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Thanks for the imput so far. "Established" might be what I'm looking for...I'm not sure, honestly. I'm trying to see if any applications are contacting parts unknown via TCP and UDP or parts unknown are contacting my machine. Using "netstat -anp tcp | grep ESTABLISHED" and "netstat -anp udp | grep ESTABLISHED", I got a list of the current connections established, but the "-pantu" argument didn't work for me. It told me "antu" was an unknown or uninstrumental protocol.
You might not be executing it as root or some other permission issue. That command works for me on one of my FC1 boxes. the "tu" part just adds tcp and udp connections to the displayed output (same as you were doing, just less typing). See the netstat man page for what all the options do.
Btw, what are you trying to do, there might be an easier way...maybe "lsof -i" is what you're after?
I was doing it on OS X in just a usual Admin account. I'll trying it from root when I get a chance. I used I've used "lsof -i" to get more info on the ports that I didn't know what they were. I've read the man pages--I'm sorry, I'm just sketchy on the usage of this command.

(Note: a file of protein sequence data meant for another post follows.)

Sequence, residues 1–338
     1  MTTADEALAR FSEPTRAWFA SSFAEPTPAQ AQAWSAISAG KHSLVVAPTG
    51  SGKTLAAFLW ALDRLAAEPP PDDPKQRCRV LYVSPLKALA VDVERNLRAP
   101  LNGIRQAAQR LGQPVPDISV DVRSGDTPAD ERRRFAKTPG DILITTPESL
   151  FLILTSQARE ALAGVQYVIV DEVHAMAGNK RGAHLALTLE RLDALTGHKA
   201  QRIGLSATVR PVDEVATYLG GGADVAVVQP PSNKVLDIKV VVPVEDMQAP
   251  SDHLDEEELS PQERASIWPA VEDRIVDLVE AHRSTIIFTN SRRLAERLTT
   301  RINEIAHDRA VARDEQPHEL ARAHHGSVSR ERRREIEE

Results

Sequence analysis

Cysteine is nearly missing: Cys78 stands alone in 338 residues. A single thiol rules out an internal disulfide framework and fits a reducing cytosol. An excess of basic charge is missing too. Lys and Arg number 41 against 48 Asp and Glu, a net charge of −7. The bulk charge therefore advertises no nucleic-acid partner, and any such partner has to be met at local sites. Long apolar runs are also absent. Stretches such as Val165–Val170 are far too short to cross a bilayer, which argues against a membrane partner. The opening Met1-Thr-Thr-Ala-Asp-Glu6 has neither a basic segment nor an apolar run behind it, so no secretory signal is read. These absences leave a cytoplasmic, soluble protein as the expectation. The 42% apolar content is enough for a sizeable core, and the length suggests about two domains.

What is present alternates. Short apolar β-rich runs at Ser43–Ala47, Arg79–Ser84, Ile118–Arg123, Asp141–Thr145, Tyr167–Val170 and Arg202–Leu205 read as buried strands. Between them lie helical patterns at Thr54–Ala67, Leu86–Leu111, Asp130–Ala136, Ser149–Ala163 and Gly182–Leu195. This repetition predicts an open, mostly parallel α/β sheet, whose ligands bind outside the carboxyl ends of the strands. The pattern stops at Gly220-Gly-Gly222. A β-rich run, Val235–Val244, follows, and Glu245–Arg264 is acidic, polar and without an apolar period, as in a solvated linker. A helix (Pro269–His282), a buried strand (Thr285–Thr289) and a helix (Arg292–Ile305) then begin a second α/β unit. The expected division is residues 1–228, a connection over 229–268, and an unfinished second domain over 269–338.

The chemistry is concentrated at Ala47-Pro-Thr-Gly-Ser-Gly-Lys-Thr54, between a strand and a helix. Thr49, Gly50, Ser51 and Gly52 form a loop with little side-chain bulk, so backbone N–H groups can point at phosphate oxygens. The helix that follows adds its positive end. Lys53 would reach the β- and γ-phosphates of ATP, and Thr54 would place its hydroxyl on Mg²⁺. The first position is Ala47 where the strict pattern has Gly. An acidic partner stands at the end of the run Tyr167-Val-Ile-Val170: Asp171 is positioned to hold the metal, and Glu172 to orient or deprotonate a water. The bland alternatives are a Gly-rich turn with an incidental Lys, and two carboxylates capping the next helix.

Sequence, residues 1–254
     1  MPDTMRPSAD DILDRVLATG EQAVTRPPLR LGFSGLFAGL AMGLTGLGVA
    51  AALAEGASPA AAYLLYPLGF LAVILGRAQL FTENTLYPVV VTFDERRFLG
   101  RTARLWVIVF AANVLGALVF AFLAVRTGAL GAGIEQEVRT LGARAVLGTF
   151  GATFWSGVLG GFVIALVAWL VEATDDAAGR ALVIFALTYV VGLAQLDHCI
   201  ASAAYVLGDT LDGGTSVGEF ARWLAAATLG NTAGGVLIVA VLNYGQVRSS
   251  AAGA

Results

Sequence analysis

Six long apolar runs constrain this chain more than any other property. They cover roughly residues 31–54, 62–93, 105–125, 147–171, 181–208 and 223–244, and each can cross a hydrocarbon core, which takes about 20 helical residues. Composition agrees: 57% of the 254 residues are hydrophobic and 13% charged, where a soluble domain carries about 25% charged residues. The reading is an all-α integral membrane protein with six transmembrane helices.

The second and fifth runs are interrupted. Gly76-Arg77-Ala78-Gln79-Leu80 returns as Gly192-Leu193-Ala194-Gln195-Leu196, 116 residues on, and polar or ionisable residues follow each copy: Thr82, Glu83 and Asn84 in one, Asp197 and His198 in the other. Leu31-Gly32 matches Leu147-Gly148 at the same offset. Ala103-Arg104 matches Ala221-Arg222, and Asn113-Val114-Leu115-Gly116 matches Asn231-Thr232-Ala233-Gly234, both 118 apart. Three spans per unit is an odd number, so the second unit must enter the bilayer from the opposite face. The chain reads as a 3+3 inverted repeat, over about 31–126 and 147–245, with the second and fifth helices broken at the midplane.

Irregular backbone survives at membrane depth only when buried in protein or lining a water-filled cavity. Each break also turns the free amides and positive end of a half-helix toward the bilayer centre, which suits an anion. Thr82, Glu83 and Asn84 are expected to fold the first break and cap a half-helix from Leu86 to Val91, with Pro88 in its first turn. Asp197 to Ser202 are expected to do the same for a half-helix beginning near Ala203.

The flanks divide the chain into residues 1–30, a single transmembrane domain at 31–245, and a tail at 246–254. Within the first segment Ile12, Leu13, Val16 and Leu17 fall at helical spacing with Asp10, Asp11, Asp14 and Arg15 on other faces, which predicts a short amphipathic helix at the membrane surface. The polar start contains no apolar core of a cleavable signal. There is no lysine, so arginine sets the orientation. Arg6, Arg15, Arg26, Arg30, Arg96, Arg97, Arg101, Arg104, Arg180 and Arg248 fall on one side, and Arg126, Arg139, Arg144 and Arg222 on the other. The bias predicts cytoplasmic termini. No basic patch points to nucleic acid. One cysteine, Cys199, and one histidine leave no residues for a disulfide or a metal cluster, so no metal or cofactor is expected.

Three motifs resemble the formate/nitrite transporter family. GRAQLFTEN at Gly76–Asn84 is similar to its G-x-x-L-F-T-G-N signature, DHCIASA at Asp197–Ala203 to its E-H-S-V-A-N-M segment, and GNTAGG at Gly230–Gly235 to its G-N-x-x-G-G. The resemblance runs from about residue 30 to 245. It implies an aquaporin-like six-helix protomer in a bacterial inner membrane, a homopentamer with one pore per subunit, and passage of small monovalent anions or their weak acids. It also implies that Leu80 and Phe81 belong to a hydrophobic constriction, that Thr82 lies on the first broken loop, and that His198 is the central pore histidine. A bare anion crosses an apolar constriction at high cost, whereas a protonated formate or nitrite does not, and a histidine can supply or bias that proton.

Ahhh, you're using OSX. That might be the problem. I don't have an OSX box handy, but it might use different options than the linux version. There should be an option to display all sockets (in linux it's netstat -a).
In most cases, the socket will spend most of it's time in the "ESTABLISHED"state, but there technically are a number of states that the socket can be in: SYN SENT, SYN RECV, FIN WAIT, TIME WAIT, LAST ACK, etc. Very rarely will you see a connection in one of the other states, as normally they're initiated and torn down in a short period of time. For some protocols, there can be no state at all (ICMP and UDP). So if you want a complete list use the OSX equivalent of "netstat -a"
Thanks for all the imput. "netstat -a" works in OS X, and I've playing with the other arguments. I think I have a good handle on it, but I'm going to poke through soem tutorials to get the how and why. Is there tutorial on understanding ports and sockets that might not be in the usual Google suspects?